What Is Spelt Flour?

A Guide to Buying, Using, and Storing Spelt Flour

Spelt flour

The Spruce Eats / Diana Chistruga

Spelt flour is a flour made from a species of wheat with a nutty, slightly tangy flavor. Since it's a form of wheat, it does contain gluten. It can be used for making cookies, breads, muffins and other applications where you'd use wheat flour.

Fast Facts

  • Contains gluten
  • 12 to 15 percent protein content
  • Good for breads, cookies and more
  • A whole grain flour

What Is Spelt Flour?

Spelt is a species of wheat, Triticum spelta, that is believed to have been cultivated for thousands of years, and is sometimes considered a subspecies of ordinary wheat rather than a separate species. There are two types of spelt flour, white and whole grain.

To make whole grain spelt flour, the entire spelt grain is processed, including the bran, endosperm and germ. The white version is made from the endosperm only, which is only the starchy part of the grain.

Spelt flour has a nutty, slightly tangy flavor, a coarse texture and has visible brown flecks mixed in with the white. Its texture and density are comparable to wheat flour, which means the whole grain version is comparable to whole-grain bread flour, and its relatively high protein content makes it suitable for making hearty breads, muffins and the like. It's also sometimes used for making pasta.

The white version of spelt flour is similar to ordinary bread flour. Both types of spelt flour can develop a very strong gluten network, which will in turn give your baked goods additional structure and volume. On the other hand, this gluten network can be short lived if the dough is over-mixed. 

How to Cook With Spelt Flour

The big difference in working with spelt flour as opposed to conventional wheat flour is that although spelt does have a high gluten content, it has a higher proportion of gliadin to glutenin (the two proteins that make up gluten), which causes the gluten strands to be less resilient than ordinary wheat. With conventional wheat flour, you can knead the dough for quite a long time, and the glutens will continue to develop, and the chains of proteins will get longer and longer, making the dough more elastic.

With spelt, the strands of gluten will actually start to break if the dough is kneaded for too long, giving the final bread a crumbly rather than chew texture. The key, then, when working with spelt flour is to avoid over-mixing it.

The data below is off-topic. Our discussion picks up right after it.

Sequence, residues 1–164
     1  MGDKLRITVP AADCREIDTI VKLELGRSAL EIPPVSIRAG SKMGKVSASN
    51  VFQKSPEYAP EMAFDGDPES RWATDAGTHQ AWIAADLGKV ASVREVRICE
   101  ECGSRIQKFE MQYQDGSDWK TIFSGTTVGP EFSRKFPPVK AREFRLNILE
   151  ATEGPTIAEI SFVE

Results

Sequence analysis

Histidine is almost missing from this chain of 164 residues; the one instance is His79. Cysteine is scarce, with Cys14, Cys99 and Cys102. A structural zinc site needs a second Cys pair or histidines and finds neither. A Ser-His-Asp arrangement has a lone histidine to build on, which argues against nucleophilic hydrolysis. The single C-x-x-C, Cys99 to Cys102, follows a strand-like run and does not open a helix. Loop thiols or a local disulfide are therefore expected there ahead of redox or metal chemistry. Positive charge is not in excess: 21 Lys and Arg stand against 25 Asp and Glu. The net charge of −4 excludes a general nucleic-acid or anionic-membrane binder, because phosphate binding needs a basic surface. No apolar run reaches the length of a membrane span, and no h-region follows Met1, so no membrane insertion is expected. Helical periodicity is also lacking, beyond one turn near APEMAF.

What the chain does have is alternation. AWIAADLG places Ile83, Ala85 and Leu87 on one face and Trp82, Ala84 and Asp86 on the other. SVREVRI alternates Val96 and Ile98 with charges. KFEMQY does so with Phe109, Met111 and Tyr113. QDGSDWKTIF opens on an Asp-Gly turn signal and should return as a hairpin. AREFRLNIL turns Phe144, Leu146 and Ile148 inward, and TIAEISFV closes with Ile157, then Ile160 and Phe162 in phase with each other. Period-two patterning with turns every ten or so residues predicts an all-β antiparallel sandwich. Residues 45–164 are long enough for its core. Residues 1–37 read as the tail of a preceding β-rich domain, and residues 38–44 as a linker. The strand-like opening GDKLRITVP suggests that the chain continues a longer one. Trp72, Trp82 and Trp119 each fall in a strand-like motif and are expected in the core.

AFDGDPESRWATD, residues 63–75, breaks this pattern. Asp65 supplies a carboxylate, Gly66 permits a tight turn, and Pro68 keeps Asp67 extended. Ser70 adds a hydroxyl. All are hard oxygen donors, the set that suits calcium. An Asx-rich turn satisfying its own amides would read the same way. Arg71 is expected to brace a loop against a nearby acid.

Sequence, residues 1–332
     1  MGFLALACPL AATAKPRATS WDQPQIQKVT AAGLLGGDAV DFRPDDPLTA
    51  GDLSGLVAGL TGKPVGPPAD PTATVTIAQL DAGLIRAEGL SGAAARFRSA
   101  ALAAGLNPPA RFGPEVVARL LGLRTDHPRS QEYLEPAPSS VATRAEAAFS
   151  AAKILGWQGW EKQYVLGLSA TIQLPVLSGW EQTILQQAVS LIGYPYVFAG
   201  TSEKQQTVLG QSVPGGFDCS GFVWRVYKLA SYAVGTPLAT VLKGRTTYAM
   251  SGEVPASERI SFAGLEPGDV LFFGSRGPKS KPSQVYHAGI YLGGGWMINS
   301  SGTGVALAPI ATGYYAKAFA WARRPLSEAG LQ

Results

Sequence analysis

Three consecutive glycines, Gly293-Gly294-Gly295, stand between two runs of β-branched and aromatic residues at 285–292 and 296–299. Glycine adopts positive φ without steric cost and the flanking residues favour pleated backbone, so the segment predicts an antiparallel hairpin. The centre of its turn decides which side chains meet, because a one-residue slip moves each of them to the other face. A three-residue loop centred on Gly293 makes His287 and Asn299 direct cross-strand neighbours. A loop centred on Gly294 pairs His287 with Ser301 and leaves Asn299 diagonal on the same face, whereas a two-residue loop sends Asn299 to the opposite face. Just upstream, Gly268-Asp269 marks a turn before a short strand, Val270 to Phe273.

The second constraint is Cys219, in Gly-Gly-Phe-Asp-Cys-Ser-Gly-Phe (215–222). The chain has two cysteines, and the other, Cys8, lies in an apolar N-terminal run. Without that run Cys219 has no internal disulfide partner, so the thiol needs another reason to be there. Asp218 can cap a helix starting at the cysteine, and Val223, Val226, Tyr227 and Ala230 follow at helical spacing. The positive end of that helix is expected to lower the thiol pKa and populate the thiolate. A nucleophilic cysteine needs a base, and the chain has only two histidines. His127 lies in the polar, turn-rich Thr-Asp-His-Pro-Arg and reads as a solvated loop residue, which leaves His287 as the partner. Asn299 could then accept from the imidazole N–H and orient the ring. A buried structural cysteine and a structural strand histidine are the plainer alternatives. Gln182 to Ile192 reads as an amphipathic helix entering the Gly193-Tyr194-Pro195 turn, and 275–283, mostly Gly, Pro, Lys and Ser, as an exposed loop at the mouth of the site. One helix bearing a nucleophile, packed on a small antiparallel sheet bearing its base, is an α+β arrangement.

Also, when baking with spelt flour, many bakers find that it's best to start by substituting spelt flour for anywhere from 25 to 50 percent of the flour of the recipe. This is both because the flavor can be strong, with a slightly acidic flavor, as well as to minimize the problem of over-mixing. 

Something else to note is that spelt flour doesn't absorb water as well as conventional wheat flour, so you might find that working with spelt flour yields a stickier dough than you're used to. You can deal with this by using slightly less liquid or more flour. But note that this adjustment can itself alter the final texture of what you're making, which is another reason bakers opt to use spelt in combination with conventional wheat flour rather than baking with 100 percent spelt.

Spelt flour, bread, grain

Fcafotodigital / Getty Images

Spelt flour

Savany / Getty Images

Spelt flour bread

Westend61 / Getty Images

Spelt flour and bread

Aluxum / Getty Images

What Does It Taste Like?

Spelt flour isn't something you'd eat on its own, and like all flours, the baked goods prepared from it will derive most of their flavor from the other ingredients, the yeast, sugar, salt, fats and so on, that it's combined with, as well as from the caramelization of starches that takes place when the dough or batter is cooked. However, baked goods made from spelt flour have a nutty, slightly tangy, slightly mineral flavor, as compared with the same things baked from ordinary wheat flour.  

Spelt Flour Substitute

Since spelt is a type of wheat, ordinary wheat flour would be the best substitute for spelt flour. If substituting for whole grain spelt flour, try whole grain bread flour. For white spelt flour, try regular white bread flour. 

Spelt Flour Recipes

Here are a few recipes that use spelt flour. 

Where to Buy Spelt Flour

Spelt flour can be found a many of the larger supermarket chains, usually in the health food or alternative baking aisles. You can also find it online.


Spelt flour can be stored in a cool, dry place, like a pantry, for up to 6 months, as long as the package is kept tightly closed. The ideal humidity for spelt flour is around 60 percent. You can also store it in the fridge or freezer, in a vapor-proof bag, which will extend its shelf life to around 12 months. This is also a good idea if you live in a warm, humid climate. Note that because of its higher fat content, the whole grain variety will go rancid faster than the white.